Louisiana Insurance Commissioner Jim Donelon has served in this office for more than 15 years. First elected to public office in 1975 as Chair of the Jefferson Parish Council, he then served in the Louisiana House of Representatives from 1981-2001. His public service career also includes 33 years in the Louisiana Army National Guard where he retired with the rank of Colonel and received the prestigious Legion of Merit medal.  "Everything depends on insurance. Our homes, life, protection of our family, our businesses, and our economy, all depend on insurance. Insurance commissioners across the country are tasked with keeping insurance affordable and available. That requires a balance between protecting consumers and making insurance available at a reasonable price for consumers." The past two hurricane seasons have been the worse since Katrina and Rita. Louisiana had fifteen years of relatively quiet hurricanes seasons. But given the location of our state, Louisiana is in the center of the Gulf and we get hit more on a per capita basis than any other state by far. "Hurricane Ida's core of probability for landfall stretched from the Sabine River on our western border to the Pearl River on the eastern border. It never left. It was always headed to Louisiana." Hurricanes Laura and Ida were the second most powerful hurricanes in history with 150 miles per hour winds, only surpassed by the 1856 "Last Island Hurricane" which brought devastation to Southern Louisiana with 156 miles per hour winds. Laura resulted in $9.6 Billion dollars in insurance losses; Ida has resulted so far in $10.6 Billion in losses. As a result of the staggering claims, some Louisiana insurers have gone bust. Fortunately, the Louisiana Insurance Guaranty Association ("LIGA") is in place to protect property and casualty policyholders Recovery from LIGA is capped at $500,000 per person and $500,000 per occurrence, a benefit that only eight other states, besides Louisiana, in the U. S. provide. Donelon looked back to the days of Governor Kathleen Blanco as an example of how the state worked to keep private insurers afloat in the aftermath of massive claims following Katrina and Rita. Without these private insurers, the State of Louisiana would have to become the insurer for all levels of risk, not just those that are currently covered by the Louisiana Citizens Property Insurance Company (which covers those unable to get private insurance due to special circumstances). Working to create incentives to attract companies to our market after many carriers left the state due to the high risk of doing business post-Katrina, Blanco also worked to have our first statewide building code enacted to ensure that structures were built more able to "weather the storms." It's always best to prepare yourself for the damage that may be caused by a hurricane. For the department's tips on hurricane preparedness, visit https://www.ldi.la.gov/consumers/insurance-type/homeowners/hurricane-resource-center. A package of bills are currently working their way through the Louisiana Legislature as a means to protect consumers of insurance products. Deemed "The Catastrophe Reform Package," they include the following: Create the “Louisiana Fortify Homes Program," patterned after a similar program in Alabama, to provide grants for homeowners to retrofit their roofs and homes to a higher standard better able to withstand hurricane winds. The "Three Adjuster Rule" which would kick in after a policyholder is assigned a third adjuster. At that point, a new primary contact must be assigned who will remain on the case until the claim is closed and the company must also provide two methods of contacting the permanent adjuster."Additional Living Expense" would clarify that coverage for living expenses for up to 14 days incurred after an evacuation, whether mandated or voluntary, would be provided to policyholders. Minimum Capital and Surplus Requirements would be raise...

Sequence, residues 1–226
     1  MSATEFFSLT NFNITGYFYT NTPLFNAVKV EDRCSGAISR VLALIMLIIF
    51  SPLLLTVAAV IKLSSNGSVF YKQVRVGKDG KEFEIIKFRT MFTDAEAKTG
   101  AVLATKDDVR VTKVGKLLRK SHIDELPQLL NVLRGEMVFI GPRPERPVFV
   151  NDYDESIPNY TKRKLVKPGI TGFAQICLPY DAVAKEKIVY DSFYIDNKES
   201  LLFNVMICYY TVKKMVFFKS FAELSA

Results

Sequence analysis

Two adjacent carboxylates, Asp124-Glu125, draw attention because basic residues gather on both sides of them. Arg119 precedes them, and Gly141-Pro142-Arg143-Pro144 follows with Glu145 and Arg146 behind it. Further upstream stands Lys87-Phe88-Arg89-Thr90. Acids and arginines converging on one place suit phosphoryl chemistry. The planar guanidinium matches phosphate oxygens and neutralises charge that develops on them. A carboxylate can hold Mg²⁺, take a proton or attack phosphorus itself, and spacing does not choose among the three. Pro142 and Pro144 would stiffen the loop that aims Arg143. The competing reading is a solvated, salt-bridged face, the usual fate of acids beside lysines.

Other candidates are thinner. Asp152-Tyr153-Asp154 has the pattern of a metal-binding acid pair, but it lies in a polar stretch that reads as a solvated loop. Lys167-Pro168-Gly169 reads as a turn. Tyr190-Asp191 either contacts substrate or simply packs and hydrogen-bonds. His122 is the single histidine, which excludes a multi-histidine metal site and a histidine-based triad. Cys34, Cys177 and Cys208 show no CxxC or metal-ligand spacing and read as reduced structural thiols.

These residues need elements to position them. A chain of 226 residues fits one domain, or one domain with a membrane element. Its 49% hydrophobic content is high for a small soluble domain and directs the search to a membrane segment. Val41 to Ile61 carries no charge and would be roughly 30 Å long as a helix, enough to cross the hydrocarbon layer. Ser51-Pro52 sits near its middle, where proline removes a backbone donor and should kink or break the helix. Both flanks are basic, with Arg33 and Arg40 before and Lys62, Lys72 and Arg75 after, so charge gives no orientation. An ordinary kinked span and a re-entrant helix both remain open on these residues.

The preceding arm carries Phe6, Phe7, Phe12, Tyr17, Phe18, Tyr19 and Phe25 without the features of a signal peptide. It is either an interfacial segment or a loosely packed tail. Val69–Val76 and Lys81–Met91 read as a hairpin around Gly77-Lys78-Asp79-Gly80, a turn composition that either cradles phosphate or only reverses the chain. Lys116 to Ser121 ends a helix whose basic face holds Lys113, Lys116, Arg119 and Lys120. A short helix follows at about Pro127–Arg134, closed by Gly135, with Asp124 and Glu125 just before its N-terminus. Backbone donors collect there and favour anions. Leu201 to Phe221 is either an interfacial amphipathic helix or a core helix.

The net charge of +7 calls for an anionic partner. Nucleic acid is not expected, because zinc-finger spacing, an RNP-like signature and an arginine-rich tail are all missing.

The Prepper Broadcasting Network